Santa Cesarea Terme (Apulia, southern Italy) stands as an important spa area, known since the nineteenth century. Several emergences of slightly thermal sulfidic waters ﬂow out along a coastal sector of the Salento peninsula, and exhibit temperatures ranging between 22–25 °C. The carbonate sequence, consisting of over 5-km-thick Jurassic and Cretaceous limestone and dolostone, rests above Late Triassic evaporites and is unconformably overlain by Cenozoic calcareous successions. Starting from the Early Triassic, the area was part of the Apulian carbonate platform, characterized by shallow-water carbonate sedimentation. Since Cretaceous times, it experienced a number of transgression-regression phases, giving rise to a succession constituted by multiple unconformities. Eventually, during the Middle Pleistocene, the area underwent a severe regional uplift. The Santa Cesarea Terme area shows extensional and trans-tensional structures, with related pull-apart features. The NW–SE trans-tensional faults are the most diffuse, with subordinate presence of other fault systems, and appear to be the youngest set, controlling the development of the main karst landforms in the area. At the surface, these are mostly represented by sinkholes and dry valleys of different sizes and typologies, and by typical low-incised karst valleys. Apart from a number of inland caves (mostly of limited development), the most relevant karst features are distributed along the coast and correspond to three caves within the spa area and an additional cave further south. The four caves are carved at sea level and all have a direct access to the sea. Here, rising sulfidic waters meet and mix with seawater producing solutions with different geochemical contents. The sulfidic springs and the village of Santa Cesarea Terme are located on a structural high, with the caves elongated along the NW–SE fault zones. Inside the caves, that show quite large halls and galleries ending abruptly, it is possible to observe cupolas, rising channels, megacusps, submerged feeders, weathered walls, replacement pockets, and important deposits of gypsum, with abundant native sulphur coatings and jarosite. All these features allow to deﬁne the caves as Sulfuric Acid Speleogenesis (SAS) systems. During the last four years, geochemical data have been collected in order to characterize the composition of water flowing inside the caves, and a variety of parameters have been measured (including temperature, dissolved oxygen, conductivity, pH, etc.). They fall into the Na-Cl-SO4 sector of the Ludwig-Langelier diagram, with pH ranging from 7.2 to 7.8 (the latter value being mainly influenced by seawater-deep water mixing), and are colonized by whitish bacterial filaments (streamers). Brownish vermiculation deposits and white gypsum moonmilk diffusely cover walls and ceilings, especially where the amount of H2S-degassing is important. Experiments with limestone tablets are demonstrating the dissolution-corrosion to be an intense on-going process for presentday sulfuric acid speleogenesis.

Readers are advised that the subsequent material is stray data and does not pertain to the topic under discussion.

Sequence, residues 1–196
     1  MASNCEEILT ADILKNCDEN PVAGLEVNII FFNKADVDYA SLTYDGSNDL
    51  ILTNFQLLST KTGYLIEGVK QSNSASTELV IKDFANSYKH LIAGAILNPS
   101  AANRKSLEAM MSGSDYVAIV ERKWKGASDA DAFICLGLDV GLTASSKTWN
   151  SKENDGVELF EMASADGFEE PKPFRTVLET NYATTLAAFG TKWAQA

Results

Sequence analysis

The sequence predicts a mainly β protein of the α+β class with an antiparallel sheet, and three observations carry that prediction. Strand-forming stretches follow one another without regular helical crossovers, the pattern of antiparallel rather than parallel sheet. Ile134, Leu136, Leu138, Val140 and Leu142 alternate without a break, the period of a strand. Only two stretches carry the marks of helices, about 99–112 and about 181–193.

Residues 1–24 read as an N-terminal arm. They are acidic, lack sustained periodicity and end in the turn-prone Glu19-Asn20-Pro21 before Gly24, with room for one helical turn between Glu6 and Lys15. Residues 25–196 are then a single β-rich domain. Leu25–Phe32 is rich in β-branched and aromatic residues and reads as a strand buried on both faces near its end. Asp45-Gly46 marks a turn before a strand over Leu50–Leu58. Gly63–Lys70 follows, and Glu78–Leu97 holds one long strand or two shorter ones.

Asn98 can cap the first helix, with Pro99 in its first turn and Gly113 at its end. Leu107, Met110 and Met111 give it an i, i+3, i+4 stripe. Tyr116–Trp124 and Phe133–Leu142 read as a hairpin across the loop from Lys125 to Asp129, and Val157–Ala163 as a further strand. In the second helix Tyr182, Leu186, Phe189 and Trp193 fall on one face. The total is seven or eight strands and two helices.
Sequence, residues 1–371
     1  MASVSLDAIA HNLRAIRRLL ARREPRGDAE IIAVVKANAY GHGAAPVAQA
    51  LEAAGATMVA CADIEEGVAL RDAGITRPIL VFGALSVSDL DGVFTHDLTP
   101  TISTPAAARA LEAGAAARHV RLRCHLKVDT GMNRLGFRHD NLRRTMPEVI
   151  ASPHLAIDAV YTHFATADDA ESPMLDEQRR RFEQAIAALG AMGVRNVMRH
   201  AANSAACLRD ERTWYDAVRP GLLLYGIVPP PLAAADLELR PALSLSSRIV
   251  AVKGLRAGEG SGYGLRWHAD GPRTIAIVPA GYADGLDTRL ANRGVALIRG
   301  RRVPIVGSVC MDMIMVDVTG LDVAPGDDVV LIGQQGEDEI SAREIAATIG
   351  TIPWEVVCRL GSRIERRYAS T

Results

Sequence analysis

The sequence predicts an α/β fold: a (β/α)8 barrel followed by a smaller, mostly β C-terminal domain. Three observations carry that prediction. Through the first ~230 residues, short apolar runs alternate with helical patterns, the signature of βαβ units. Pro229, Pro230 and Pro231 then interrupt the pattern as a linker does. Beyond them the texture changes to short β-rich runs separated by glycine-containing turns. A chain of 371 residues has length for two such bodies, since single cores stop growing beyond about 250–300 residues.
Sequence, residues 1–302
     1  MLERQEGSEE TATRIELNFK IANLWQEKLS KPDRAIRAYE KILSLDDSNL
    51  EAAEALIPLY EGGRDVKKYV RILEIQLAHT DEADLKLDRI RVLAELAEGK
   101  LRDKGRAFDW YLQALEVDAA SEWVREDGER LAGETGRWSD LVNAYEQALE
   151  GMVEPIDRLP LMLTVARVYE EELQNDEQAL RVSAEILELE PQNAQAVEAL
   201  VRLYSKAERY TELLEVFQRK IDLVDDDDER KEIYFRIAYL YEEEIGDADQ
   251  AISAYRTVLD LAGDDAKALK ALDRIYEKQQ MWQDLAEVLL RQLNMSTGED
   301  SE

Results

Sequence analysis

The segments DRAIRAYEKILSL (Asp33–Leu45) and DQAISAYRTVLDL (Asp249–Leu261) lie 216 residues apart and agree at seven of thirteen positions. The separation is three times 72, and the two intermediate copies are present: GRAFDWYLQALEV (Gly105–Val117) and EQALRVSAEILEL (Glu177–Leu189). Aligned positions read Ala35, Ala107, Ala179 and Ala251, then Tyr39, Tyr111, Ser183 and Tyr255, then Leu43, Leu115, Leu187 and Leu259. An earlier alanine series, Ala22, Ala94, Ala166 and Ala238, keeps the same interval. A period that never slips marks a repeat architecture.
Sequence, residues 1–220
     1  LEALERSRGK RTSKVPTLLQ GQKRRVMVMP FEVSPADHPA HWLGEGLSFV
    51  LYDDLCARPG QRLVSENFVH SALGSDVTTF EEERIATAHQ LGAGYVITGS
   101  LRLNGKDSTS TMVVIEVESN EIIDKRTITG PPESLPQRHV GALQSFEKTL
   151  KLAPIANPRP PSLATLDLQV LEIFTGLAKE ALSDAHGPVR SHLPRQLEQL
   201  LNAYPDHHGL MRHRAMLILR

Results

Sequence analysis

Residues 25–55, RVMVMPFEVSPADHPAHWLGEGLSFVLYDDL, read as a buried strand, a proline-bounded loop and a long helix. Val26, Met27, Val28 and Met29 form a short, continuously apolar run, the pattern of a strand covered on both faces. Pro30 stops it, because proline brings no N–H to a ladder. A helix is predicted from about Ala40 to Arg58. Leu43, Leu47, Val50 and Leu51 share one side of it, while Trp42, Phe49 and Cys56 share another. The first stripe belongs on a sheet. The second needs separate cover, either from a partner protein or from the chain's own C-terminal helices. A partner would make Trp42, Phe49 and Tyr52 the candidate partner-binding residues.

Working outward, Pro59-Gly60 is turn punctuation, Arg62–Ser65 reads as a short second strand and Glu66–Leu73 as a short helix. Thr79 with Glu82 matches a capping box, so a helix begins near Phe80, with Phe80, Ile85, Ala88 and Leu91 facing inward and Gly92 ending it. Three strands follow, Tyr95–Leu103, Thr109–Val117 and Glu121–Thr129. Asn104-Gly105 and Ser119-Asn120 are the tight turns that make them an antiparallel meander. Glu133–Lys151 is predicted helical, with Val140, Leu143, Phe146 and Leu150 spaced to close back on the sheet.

File in questo prodotto:
Non ci sono file associati a questo prodotto.